These fees are not used for political purposes, but his lawyers argue that the unions’ lobbying efforts are political acts.
“I enjoy my job and want to serve my state; public service is part of who I am. But I don’t want to pay a union to do so,” Janus said in a Feb. 26 essay in USA Today.
He said the union uses his monthly fees “to promote an agenda I don’t support,” objecting to the legislation supported by the union’s lobbying arm and politicians supported by its political arm.
Janus is being represented by the Liberty Justice Center and the National Right to Work Legal Defense Foundation. His case also has the support of the Becket Fund, whose own amicus brief argues that allowing government workers to opt-out of mandatory union payments protects their freedom of speech and religious freedom.
The bishops’ brief, however, said the lawsuit asks the court to constitutionalize the “right-to-work” position in the public sector “instantly, without exception, for all fifty states, almost irreversibly.”
The lawsuit appears designed to lay the foundation to implement “right-to-work” in the private sector as well, the brief charged. It advocated that the court leave “constitutional space” for the public policy position supported “for so long by so many bishops and bishop-led institutions” rather than “declare still another such position outside the bounds of what policymakers are permitted to implement by law.”
The bishops’ brief said such a declaration would be comparable in effect to the 2015 decision requiring states to recognize same-sex unions as marriages, or to the 1973 Roe v. Wade decision barring states from implementing restrictions on abortion.
Right-to-work laws eliminate the clauses that prevent “free riders,” who benefit from union contracts without paying for union membership. Such a position “dramatically weakens” unions and their bargaining power on workers’ behalf, the brief objected.
Bishop Thomas J. Paprocki of Springfield, Ill. objected to some news coverage of the case that depicted the legal brief as a position adopted by the U.S. bishops.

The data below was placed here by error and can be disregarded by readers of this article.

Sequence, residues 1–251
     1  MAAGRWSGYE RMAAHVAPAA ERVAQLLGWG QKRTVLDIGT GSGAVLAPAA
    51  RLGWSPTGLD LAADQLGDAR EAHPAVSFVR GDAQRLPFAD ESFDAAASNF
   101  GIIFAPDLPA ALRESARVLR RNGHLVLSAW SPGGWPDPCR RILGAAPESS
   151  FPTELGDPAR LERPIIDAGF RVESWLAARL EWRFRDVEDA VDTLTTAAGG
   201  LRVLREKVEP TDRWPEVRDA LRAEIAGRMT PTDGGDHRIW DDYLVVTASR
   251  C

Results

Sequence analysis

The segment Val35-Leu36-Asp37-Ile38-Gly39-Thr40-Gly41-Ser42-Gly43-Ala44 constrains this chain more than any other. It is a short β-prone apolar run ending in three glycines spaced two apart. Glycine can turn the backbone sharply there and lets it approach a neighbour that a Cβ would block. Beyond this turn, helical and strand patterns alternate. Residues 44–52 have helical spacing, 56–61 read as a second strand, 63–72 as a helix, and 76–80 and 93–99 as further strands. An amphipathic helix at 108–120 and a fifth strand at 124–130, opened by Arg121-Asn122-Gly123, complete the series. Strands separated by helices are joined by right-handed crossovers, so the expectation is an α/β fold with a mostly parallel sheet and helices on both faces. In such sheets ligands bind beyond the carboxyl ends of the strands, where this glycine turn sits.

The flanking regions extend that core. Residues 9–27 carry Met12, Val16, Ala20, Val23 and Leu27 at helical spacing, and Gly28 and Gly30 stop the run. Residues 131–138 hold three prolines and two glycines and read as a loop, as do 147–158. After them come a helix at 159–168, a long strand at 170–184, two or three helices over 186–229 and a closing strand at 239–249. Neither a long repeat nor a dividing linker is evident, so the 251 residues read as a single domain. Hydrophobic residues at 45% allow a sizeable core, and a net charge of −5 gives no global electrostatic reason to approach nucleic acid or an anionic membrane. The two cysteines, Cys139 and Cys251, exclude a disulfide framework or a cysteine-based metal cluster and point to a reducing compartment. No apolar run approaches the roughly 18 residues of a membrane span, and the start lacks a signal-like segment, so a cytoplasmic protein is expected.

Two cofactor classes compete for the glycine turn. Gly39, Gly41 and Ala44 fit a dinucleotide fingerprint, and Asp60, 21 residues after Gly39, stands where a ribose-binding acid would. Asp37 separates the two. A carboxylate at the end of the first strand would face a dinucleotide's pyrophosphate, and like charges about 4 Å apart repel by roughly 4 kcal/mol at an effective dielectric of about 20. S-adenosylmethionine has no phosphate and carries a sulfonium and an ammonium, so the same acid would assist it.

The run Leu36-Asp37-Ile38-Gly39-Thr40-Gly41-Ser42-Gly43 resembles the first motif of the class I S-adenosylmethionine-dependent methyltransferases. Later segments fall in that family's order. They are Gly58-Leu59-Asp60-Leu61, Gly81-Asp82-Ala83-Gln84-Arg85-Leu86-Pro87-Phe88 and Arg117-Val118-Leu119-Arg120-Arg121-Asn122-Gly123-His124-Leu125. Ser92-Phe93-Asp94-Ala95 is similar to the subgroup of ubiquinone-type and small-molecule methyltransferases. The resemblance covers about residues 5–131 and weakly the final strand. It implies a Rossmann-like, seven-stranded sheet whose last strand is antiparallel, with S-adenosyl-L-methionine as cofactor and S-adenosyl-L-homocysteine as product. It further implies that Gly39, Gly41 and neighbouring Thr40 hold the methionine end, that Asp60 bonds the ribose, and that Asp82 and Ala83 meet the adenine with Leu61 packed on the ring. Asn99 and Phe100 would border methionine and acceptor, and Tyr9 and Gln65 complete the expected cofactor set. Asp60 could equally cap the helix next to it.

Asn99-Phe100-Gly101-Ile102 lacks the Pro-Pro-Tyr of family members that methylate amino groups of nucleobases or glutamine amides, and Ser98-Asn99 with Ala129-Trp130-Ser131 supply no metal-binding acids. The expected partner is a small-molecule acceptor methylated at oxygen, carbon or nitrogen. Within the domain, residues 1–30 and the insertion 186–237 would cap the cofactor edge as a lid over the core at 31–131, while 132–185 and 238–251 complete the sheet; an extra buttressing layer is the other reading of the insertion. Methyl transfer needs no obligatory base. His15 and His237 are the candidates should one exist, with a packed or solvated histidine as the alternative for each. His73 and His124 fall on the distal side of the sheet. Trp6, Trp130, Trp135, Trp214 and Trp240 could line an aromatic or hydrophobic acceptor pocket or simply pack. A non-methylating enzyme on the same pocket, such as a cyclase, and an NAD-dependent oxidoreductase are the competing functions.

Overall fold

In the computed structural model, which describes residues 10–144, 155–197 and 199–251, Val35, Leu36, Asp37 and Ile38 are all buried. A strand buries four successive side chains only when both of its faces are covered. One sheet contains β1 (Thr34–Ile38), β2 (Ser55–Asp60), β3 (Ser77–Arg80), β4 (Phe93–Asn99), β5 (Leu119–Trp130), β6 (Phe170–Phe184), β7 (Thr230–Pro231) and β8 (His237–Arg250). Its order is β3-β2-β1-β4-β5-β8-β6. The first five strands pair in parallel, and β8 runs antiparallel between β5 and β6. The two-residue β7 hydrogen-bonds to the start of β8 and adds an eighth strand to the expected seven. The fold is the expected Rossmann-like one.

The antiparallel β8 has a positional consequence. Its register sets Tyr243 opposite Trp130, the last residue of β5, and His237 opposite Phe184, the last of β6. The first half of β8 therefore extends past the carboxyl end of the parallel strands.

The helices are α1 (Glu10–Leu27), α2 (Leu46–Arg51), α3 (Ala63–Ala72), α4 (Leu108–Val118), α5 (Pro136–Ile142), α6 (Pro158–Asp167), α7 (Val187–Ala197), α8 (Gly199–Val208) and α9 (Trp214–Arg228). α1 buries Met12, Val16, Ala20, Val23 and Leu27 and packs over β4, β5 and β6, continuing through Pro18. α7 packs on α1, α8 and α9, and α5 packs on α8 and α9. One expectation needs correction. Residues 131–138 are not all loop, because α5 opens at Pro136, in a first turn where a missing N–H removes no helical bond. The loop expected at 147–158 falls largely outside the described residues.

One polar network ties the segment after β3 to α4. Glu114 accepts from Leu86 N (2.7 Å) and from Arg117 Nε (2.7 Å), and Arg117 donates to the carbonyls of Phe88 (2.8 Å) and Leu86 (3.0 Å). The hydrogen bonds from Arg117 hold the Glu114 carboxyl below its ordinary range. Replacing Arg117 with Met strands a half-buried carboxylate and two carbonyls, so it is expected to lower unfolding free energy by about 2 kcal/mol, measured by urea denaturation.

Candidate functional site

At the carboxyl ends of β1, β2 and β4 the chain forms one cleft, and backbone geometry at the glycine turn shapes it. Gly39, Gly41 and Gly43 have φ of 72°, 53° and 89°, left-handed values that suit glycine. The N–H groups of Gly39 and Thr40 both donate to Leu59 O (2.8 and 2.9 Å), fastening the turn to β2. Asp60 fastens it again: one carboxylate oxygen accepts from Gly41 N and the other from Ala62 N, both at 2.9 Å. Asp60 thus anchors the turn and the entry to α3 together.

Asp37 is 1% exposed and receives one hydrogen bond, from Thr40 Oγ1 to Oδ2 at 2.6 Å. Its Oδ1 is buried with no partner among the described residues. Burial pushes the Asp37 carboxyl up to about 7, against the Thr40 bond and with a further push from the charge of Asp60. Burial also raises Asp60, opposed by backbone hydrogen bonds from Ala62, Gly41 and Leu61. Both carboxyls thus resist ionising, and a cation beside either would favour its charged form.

“In fact, no vote was taken on whether to file such a brief,” he said Feb. 13. “While church teaching clearly supports freedom of association and the right to form and join a union, it does not mandate coercing people to join a union or pay dues against their will.”
The fact that Bishop Paprocki and other bishops have not voiced support for “right to work” laws “does not necessarily or logically imply support for litigation opposing ‘right to work’ laws,” he said. Neither has he voiced support for litigation in opposition to mandatory union dues.
“At most, the lack of any statement favoring either side should imply neutrality,” he said.
For Paprocki, the question of whether rights of association and free speech are helped or hurt by mandatory dues is “a matter of prudential judgment on which reasonable people can disagree as to whether the rights of association and free speech are helped or hindered by mandatory union dues.”
(Story cotinues below)
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However, Bishop David Zubik of Pittsburgh was critical of the suit, citing American Catholics’ traditional support for unions.
He praised the role of unions, saying they help raise wages, bring family benefits, ensure worker safety, and help keep workers from being exploited. These benefits arise even for people do not belong to unions.
Writing in a Feb. 19 column in the Pittsburgh Catholic, he said “I don’t agree with every position taken by every labor union. But I believe — as the Catholic bishops of this country have long believed — that unions benefit society as a whole. Like all human institutions, they are flawed. Their own rank-and-file, however, are empowered to reform them. When a beneficial institution is flawed, we should seek to fix it, not destroy it.”
“I urge any Catholic union member to push for reform of union policies that may occasionally be unjust or wrong-headed,” he said. “That’s democracy at work. But if the Supreme Court rules that union political advocacy violates the free speech rights of someone who has agreed to a union job, that ruling will threaten any organization that takes a stand on any issue.”
“The man who brought the lawsuit took a union job, agreed to the union terms, and then sued on free speech grounds because he objected to the union’s political positions,” Bishop Zubik continued. “It’s similar to someone who has taken a job in the Catholic Church arguing that he should be allowed to keep his job while also publicly advocating for abortion. He knew the terms of employment when he accepted them.”
CNA sought comment from the U.S. bishops’ conference and Bishop Paprocki. The bishop was unavailable, while the bishops’ conference did not respond.